Four men accused of ACT Public Trustee's office theft appear in court

Four men accused of ACT Public Trustee's office theft appear in court

Four men accused of stealing $1.65 million at the ACT Public Trustee's office have appeared in court for the first time.

Timothy Stewart McLeod, 33, of Pearce, and Stephen Evans, 32, of Calwell, entered pleas of not guilty in the ACT Magistrates Court on Tuesday to a total of 72 offences, including theft and obtaining property by deception.

Neither appeared before the court, and were represented instead by their lawyers.

Joshua Leighton, 37, of Bonython, and Donald Tawanda Savanhu, 36, of Ngunnawal, did not enter pleas when they appeared, and their matters were adjourned until December.

The matter was first referred to ACT Policing for investigation in January 2014, and the quartet was last month charged after a lengthy investigation. Documents outlining the allegations were not tendered in court on Tuesday.


It is alleged the suspect transactions took place between 2010 and 2014 and included debit card fraud, thefts from cash machines, contractor kickbacks, and false paperwork trails.

Outside court, McLeod's lawyer, Adrian McKenna, said his client would defend the charges.

"The charges clearly raise very serious allegations," Mr McKenna said.

"It is important they are handled very carefully and without pre-judgment. My client is eager to progress the proceedings after prosecuting authorities provide more information."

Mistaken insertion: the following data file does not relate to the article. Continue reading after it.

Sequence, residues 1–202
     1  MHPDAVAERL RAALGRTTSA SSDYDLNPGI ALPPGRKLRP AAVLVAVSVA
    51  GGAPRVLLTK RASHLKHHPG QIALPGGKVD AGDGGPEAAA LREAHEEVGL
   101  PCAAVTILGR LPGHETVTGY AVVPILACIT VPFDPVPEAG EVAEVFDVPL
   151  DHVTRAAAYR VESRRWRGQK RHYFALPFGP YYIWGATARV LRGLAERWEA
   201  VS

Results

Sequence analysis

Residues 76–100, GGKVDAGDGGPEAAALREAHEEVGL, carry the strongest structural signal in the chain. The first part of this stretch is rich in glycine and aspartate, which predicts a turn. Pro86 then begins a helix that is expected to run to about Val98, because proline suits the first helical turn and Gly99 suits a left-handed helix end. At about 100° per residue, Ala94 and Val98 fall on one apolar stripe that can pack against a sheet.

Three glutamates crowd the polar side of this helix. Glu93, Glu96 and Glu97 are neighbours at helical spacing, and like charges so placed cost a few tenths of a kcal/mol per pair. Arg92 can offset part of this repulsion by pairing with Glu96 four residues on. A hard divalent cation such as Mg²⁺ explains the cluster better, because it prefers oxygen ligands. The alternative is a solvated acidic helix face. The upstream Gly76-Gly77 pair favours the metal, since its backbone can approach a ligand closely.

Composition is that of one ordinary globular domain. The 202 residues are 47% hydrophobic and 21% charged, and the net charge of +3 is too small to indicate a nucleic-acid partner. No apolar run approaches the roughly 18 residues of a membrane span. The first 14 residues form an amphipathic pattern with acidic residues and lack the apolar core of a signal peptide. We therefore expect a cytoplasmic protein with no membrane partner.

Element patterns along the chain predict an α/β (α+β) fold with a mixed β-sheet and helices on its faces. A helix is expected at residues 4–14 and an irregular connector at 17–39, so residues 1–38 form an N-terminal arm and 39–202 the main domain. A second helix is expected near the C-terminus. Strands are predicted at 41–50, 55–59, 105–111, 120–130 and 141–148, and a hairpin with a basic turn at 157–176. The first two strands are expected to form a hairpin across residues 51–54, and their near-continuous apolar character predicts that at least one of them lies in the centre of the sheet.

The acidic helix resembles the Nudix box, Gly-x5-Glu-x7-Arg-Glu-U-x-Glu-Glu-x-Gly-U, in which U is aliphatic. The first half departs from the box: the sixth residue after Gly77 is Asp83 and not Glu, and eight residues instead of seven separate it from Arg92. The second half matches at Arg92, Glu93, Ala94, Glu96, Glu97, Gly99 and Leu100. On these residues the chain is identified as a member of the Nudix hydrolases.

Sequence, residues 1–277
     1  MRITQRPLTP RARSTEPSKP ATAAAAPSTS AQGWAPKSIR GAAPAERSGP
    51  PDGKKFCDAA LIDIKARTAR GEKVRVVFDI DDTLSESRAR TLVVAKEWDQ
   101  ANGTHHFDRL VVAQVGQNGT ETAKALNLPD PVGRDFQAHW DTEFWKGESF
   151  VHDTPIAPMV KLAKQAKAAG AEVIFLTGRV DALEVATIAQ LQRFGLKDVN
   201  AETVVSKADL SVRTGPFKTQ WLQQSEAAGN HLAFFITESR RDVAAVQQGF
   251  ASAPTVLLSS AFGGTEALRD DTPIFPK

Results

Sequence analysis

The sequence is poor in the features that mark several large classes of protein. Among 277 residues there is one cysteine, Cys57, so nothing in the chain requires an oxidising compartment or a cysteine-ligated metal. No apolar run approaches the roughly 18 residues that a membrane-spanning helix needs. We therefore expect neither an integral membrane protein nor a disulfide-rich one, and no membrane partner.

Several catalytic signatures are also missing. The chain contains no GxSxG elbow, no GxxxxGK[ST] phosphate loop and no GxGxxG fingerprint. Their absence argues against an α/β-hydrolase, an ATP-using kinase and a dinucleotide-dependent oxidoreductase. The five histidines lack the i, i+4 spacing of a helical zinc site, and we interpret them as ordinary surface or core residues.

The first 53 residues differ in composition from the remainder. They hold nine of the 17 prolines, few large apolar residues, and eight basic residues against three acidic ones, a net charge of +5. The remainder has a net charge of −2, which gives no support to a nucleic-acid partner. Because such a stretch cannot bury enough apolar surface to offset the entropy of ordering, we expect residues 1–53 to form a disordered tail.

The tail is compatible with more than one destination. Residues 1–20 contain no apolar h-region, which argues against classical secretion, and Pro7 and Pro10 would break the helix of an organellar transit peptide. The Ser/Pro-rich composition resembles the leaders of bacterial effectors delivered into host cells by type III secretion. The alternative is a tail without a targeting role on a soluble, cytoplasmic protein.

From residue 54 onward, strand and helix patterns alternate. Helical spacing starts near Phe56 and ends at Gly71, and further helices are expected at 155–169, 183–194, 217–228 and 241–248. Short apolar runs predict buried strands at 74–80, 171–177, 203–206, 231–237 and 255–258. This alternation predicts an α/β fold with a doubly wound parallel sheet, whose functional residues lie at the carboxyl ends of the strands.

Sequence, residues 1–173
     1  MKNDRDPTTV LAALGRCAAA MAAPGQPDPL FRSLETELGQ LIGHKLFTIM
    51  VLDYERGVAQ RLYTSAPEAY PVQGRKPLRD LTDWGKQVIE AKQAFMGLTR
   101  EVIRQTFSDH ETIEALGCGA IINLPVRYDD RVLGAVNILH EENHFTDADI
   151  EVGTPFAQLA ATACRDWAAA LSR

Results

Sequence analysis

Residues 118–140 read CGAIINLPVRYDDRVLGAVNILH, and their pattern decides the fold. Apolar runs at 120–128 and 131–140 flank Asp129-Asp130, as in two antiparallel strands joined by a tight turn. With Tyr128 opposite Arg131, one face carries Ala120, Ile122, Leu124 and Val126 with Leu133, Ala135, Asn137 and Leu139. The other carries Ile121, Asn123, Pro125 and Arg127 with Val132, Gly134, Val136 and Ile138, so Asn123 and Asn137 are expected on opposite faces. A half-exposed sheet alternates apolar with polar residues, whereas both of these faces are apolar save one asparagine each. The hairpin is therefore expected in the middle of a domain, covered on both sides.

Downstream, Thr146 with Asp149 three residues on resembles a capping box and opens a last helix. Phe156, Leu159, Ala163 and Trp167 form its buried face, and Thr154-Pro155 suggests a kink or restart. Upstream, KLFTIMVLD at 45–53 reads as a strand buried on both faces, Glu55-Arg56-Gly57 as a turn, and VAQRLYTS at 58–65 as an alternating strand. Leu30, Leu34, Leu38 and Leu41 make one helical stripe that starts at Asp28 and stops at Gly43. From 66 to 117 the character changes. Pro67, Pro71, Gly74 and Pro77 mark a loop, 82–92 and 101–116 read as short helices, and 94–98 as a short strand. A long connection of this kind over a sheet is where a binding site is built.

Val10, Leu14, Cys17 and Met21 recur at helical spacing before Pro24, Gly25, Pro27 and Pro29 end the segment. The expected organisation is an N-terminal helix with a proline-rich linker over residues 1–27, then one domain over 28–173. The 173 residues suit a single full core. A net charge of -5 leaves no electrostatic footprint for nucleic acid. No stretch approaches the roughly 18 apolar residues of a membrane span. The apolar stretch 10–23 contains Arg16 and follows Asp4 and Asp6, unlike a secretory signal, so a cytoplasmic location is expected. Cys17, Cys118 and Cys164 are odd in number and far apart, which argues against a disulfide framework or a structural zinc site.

James Maher, who represents Evans, said his client had consistently denied any wrongdoing and would be defending the allegations in court.

"It is regrettable that because of unexplained delays in the police investigation my client has had a cloud of allegations hanging over him for longer than is reasonable," Mr Maher said.

"We expect the DPP to disclose the full brief of evidence within the timeframe set by the court today."

The ACT Public Trustee administers estates of the deceased, and the funds of Canberra's most vulnerable, including people who are unable to manage their own affairs due to disability, illness or age.

The small government agency, which has fewer than 30 staff, last month revealed 87 clients had been repaid more than $1.7 million, including interest, and it had overhauled risk management strategies after it discovered the money had allegedly been fraudulently taken from people whose assets it held in trust.

In March last year, The Canberra Times revealed the office had stood down two staff as a result of the alleged fraud.

In February, the office reported a staff member had been sacked and a second quit.

A report on the alleged fraud by audit firm KPMG has not made public although the office's latest annual report, published in October, revealed it had overhauled its fraud and corruption mitigation strategy to incorporate recommendations.

An internal review prompted the introduction of 15 new control measures to minimise fraud risks, including a review and upgrade of accounting software, codes of conduct, and the appointment of an independent chair.

All senior managers at the office also attended industry fraud and risk training seminars.

Michael Inman is a courts reporter for The Canberra Times

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